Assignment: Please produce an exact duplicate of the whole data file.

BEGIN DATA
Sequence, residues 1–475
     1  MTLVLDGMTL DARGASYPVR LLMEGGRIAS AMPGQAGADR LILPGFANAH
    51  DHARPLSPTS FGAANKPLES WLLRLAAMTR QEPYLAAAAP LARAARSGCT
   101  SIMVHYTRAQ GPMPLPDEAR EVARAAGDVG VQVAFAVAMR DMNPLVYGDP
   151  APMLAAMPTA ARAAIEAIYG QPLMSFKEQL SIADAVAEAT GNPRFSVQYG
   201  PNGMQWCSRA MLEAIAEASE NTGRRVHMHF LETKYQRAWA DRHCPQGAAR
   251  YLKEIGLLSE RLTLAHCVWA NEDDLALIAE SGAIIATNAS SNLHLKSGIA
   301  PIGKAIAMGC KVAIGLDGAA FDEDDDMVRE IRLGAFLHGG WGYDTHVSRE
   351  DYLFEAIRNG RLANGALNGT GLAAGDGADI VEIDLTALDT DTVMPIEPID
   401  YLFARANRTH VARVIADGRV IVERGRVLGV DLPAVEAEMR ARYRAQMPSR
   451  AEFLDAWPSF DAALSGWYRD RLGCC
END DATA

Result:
Sequence, residues 1–475
     1  MTLVLDGMTL DARGASYPVR LLMEGGRIAS AMPGQAGADR LILPGFANAH
    51  DHARPLSPTS FGAANKPLES WLLRLAAMTR QEPYLAAAAP LARAARSGCT
   101  SIMVHYTRAQ GPMPLPDEAR EVARAAGDVG VQVAFAVAMR DMNPLVYGDP
   151  APMLAAMPTA ARAAIEAIYG QPLMSFKEQL SIADAVAEAT GNPRFSVQYG
   201  PNGMQWCSRA MLEAIAEASE NTGRRVHMHF LETKYQRAWA DRHCPQGAAR
   251  YLKEIGLLSE RLTLAHCVWA NEDDLALIAE SGAIIATNAS SNLHLKSGIA
   301  PIGKAIAMGC KVAIGLDGAA FDEDDDMVRE IRLGAFLHGG WGYDTHVSRE
   351  DYLFEAIRNG RLANGALNGT GLAAGDGADI VEIDLTALDT DTVMPIEPID
   401  YLFARANRTH VARVIADGRV IVERGRVLGV DLPAVEAEMR ARYRAQMPSR
   451  AEFLDAWPSF DAALSGWYRD RLGCC